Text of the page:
Pure Prairie League’s ‘Bustin’ Out’: Persistence Pays Off

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Some tales of longevity begin with establishing a foundation and building steadily upon it; others involve stubborn determination and sheer elbow grease as things fall apart. Consider as an example of the latter an act of little renown, its lead singer and then-primary creative engine in prison, its record deal evaporated, and its most recent album gone with a whimper. Staring down that scenario, plenty of bands would call it quits.

Pure Prairie League, on the other hand, soldiered on, eventually achieving a result akin to a country song played backwards; revived that dead album’s fortunes, got their record deal back, and kept the band together in one form or another for most of the last half-century. That’s the story of the band’s 1972—and then 1975—classic, Bustin’ Out.

Pure Prairie League got its start in Ohio in the mid-1960s with a group of musicians who had played together in multiple local bands. The first iteration of the group under that name formed in 1970, and by mid-1971 experienced its first—and not nearly last—substantial turnover, losing its rhythm section. That left Craig Fuller (vocals, guitar), George Ed Powell (vocals, guitar), John David Call (pedal steel guitar and more) and Robin Suskind (guitar, mandola), who were joined by drummer Jim Caughlan and Jim Lanham on bass to form the lineup in place for the band’s first album following its signing that year by RCA.

Pure Prairie League in a 1972 publicity photo

That debut was released in March 1972, with a cover that featured a Norman Rockwell painting originally used as the cover for the August 13, 1927, Saturday Evening Post, a depiction of a cowboy who would become a sort of Pure Prairie League mascot, featured in new illustrations by other artists on all its future collections. The band immediately began touring in support, its workhorse nature common to every lineup, and by summer set to work on its next album. Along the way, it had to deal with more upheaval, as Suskind left the band, and in short order Call, Caughlan and Lanham departed. The group’s eponymous debut gained little traction along the way.

With Fuller as the band’s leader and Powell a sort of second-in-creative-command (plus co-producer), the group brought in Billy Hinds on drums and worked as a trio augmented by session players (among them Al Brisco on steel guitar and Michael Connor, beginning a long affiliation with the group, on piano) for an album they would soon record in Toronto (Michael Reilly would join on bass following its completion). Needing to show results to RCA after their first record’s quick fade, they set to work on what would become Bustin’ Out, which would reach stores in October 1972, just seven months after their first record.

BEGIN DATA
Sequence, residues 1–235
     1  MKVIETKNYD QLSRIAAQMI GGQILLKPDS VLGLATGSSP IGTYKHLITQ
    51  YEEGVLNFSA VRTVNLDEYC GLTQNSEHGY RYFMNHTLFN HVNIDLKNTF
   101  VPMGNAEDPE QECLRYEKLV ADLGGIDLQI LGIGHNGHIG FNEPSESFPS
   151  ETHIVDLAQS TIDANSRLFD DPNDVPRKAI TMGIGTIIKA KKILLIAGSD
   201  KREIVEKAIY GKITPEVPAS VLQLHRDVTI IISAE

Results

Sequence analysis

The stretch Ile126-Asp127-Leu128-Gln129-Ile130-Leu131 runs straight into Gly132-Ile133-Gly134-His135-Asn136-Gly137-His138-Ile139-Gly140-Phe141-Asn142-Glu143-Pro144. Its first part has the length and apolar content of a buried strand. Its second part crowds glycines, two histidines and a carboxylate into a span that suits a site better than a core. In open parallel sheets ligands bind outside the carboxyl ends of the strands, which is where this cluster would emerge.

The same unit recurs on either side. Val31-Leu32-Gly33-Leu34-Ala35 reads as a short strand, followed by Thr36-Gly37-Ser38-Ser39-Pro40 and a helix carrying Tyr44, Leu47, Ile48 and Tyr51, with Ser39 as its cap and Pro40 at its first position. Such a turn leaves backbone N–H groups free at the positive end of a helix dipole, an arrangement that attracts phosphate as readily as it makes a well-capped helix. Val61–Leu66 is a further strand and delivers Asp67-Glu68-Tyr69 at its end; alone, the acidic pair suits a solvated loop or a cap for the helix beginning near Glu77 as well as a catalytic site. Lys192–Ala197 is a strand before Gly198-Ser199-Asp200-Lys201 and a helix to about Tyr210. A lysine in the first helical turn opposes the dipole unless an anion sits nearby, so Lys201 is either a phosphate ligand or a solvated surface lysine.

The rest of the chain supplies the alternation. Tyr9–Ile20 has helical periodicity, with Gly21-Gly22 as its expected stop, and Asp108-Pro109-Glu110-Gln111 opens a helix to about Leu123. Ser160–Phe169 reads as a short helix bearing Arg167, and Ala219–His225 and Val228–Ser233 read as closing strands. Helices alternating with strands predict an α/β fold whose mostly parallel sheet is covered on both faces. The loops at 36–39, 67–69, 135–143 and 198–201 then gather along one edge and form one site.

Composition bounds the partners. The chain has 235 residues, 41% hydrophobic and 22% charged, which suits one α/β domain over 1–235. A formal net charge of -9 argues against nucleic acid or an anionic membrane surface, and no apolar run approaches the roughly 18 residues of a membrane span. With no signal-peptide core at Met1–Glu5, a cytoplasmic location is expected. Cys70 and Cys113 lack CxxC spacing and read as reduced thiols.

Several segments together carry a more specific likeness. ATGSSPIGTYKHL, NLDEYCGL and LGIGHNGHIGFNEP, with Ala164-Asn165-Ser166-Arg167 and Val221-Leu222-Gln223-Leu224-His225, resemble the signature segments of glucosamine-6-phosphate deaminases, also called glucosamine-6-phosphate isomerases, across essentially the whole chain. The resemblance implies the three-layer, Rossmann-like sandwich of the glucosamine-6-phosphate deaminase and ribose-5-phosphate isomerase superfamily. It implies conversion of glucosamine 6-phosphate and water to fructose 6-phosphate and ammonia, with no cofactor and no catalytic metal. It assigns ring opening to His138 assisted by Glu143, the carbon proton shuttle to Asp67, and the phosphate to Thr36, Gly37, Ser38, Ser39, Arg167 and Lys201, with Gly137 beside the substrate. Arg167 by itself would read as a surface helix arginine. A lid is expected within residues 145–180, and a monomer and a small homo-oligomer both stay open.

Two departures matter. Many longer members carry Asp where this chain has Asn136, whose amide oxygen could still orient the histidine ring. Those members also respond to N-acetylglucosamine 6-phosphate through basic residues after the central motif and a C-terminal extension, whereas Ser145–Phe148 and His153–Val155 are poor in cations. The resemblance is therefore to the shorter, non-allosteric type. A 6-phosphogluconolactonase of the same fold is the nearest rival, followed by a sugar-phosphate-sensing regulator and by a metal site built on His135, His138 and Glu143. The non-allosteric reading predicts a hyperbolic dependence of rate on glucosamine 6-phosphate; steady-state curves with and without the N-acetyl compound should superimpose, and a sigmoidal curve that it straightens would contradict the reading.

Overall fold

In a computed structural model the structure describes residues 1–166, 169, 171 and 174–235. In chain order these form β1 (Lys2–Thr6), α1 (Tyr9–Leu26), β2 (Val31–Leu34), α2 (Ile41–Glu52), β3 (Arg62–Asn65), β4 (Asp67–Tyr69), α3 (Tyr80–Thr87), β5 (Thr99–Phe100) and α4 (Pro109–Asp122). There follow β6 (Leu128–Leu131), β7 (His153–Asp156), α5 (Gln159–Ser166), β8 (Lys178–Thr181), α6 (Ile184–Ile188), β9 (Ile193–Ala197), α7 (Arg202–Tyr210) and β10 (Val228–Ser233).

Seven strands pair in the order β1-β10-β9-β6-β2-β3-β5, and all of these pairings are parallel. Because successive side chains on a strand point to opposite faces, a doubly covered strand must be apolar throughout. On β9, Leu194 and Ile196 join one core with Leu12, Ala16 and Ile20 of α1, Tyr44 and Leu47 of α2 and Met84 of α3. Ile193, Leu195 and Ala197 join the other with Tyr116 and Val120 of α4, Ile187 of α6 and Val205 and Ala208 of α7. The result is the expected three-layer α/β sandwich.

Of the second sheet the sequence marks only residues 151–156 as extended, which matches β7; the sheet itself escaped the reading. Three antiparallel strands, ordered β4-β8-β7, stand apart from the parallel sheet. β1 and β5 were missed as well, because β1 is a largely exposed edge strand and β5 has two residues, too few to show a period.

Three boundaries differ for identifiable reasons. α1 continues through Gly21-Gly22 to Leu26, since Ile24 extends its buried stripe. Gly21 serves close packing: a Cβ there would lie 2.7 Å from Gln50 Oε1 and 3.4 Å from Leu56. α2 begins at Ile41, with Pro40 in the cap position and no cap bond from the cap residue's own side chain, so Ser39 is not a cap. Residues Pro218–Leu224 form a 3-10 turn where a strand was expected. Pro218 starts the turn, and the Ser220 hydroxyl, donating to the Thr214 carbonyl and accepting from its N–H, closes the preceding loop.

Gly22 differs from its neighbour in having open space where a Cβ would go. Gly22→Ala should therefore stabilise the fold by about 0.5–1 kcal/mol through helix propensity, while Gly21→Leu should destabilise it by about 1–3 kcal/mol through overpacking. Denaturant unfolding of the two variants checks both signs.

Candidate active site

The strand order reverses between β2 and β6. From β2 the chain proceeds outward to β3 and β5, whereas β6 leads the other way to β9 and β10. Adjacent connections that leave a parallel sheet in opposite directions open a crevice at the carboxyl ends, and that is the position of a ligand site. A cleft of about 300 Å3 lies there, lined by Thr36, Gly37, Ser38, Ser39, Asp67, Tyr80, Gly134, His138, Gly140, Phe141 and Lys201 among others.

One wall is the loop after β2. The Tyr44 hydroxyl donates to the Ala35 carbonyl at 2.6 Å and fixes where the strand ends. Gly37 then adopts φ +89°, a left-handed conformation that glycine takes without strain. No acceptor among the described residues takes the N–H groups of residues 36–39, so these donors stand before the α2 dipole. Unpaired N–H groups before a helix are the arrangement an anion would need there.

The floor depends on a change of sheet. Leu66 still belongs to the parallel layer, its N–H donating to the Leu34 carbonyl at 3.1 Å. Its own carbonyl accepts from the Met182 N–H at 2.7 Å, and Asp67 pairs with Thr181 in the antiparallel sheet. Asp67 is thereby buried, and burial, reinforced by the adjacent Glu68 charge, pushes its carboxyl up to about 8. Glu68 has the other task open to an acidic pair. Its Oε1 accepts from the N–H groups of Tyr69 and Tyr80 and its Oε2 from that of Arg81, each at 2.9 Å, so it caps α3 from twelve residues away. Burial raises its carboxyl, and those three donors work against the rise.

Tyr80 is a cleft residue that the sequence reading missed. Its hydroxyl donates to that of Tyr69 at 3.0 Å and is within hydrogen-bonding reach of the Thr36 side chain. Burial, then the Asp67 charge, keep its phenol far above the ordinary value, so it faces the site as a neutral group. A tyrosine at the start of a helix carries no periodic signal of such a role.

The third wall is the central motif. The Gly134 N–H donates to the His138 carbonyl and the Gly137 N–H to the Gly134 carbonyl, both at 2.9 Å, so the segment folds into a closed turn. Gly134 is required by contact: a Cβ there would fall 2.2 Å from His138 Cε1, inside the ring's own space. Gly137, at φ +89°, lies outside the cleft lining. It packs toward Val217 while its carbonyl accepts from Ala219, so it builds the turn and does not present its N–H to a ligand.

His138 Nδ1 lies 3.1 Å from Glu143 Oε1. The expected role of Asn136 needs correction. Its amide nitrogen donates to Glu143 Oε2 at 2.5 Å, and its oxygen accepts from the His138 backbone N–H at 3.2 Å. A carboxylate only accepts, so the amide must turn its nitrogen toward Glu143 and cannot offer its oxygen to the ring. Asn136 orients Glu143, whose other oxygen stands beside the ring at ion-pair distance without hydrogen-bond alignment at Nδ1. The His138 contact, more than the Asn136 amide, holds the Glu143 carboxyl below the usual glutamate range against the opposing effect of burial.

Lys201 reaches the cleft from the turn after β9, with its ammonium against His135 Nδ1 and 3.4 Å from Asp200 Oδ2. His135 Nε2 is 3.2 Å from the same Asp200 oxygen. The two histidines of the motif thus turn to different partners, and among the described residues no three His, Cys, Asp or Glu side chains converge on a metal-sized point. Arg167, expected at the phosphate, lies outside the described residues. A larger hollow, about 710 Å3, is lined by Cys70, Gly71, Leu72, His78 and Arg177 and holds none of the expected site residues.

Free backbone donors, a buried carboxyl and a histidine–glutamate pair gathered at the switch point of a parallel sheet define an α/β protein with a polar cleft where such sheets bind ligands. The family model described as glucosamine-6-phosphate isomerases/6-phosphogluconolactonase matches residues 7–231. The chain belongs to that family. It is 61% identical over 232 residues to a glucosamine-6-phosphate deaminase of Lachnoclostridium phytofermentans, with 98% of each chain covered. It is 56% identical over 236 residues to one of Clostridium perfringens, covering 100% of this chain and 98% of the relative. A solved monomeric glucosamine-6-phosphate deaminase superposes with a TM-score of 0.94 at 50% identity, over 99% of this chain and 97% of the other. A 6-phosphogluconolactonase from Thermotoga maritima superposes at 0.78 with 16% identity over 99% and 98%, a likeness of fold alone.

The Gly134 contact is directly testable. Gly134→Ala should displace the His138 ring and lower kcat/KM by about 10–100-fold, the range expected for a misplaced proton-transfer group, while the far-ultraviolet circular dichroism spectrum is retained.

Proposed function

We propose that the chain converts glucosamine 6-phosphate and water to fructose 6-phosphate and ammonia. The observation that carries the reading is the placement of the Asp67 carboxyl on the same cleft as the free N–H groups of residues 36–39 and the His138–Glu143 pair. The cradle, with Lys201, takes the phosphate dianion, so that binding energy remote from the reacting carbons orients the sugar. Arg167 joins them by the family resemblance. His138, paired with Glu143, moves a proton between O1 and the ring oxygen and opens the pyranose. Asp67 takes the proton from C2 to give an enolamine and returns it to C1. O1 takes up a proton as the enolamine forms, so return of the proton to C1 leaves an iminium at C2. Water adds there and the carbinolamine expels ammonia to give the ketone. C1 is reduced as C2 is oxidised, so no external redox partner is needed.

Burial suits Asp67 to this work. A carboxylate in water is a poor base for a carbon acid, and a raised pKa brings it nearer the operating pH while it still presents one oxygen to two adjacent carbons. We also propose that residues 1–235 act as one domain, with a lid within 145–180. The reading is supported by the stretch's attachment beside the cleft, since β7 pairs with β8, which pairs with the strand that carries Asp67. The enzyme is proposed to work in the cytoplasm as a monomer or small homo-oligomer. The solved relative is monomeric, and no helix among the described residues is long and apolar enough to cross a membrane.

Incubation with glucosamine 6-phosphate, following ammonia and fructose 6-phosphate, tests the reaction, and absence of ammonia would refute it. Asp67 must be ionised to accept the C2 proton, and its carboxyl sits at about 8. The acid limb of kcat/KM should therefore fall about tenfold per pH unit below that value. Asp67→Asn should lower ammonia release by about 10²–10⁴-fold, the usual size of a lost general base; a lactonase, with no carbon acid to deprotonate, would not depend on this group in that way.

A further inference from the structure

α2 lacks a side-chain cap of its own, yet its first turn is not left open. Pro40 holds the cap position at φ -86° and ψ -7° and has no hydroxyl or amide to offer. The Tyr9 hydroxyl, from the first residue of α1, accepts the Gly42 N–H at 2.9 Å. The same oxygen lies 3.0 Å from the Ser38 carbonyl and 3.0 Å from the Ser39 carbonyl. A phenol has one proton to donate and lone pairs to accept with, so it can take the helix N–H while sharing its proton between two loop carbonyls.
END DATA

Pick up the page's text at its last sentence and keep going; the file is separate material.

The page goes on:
Fuller composed all but two songs on the set, and one of them is the record’s opening track, a version of Chicago folkie Ed Holstein’s “Jazzman.” It opens with Fuller’s voice, a shimmering, high-tone pleasantry, which is soon wrapped in easygoing acoustic guitar filigree and the soft keening of Brisco’s pedal steel guitar. It is very much a country song, as flavorful as it is deliberate, as Fuller floats through its spacious reverie.

Angels get their due and then some on the set, beginning with the airy churn of “Angel #9.” Pushed by a firm but relaxed electric guitar spine, its supple bob is typical of the group’s understated brand of country rock, offered as a cool flow. The similarly titled “Angel,” on the other hand, is more of a graceful contemplation sequenced in the album’s penultimate position, and adorned by gently rendered vocal harmonies and a memorably mellow guitar interlude on a track that cross-pollinates bluegrass sensibilities with mainstream structure.

Powell’s lone composition on the set is “Leave My Heart Alone,” for which he provides a vocal lead that is less airy than Fuller’s sound, but not radical as a departure. The tune’s springy groove delivers a charming weave of acoustic, electric and pedal steel guitars, with added punch courtesy of a Dianne Brooks response vocal. Despite never seeing formal release as a single, the tune would in later years receive substantial airplay in AOR environments.

The group’s best qualities flow freely from “Early Morning Riser,” as Fuller keeps an even keel amid an easygoing ramble, never competing with its decorative guitar flourishes but always maintaining his place. He is equally at home amid the patient gear-shifter “Falling In and Out of Love,” sounding melancholy without losing his charm, and floating into an embraceable refrain that highlights the simple appeals of vocal harmony. The latter tune also makes for a memorable companion piece, using its last 15 seconds to foreshadow the track into which it so comfortably segues.

That tune is “Amie,” which would deservedly become the band’s signature track in the years to come. Its toe-tapping bob is a lovely example of country-rock comfort food, following a lively picked acoustic guitar jangle into Fuller’s relaxed vocal, paced by Hinds’ soft drum rattle and the subtle accent of electric guitar picking. Its understated chorus harmony is a rich enticement, and the track’s buoyant acoustic guitar fill provides a detour that amplifies its bob’s grabby appeal. A simple song with accents that stick (including Fuller’s enthused, “Longer if I do, yeah now!” to punctuate the final chorus), it works all the way to its lyrical callback to “Falling in and Out of Love” at its close—an inclusion that would later see many stations play the tunes as a paired entry, though not nearly so often as, say, “We Will Rock You/We Are the Champions.”

Although hearing the songs back to back does make each seem part of a larger whole, that last lyric fits well enough in the flow of “Amie” that the context of the previous song really isn’t necessary for it to work. Released as a single in 1973, it generated little interest…but that was not its story’s end.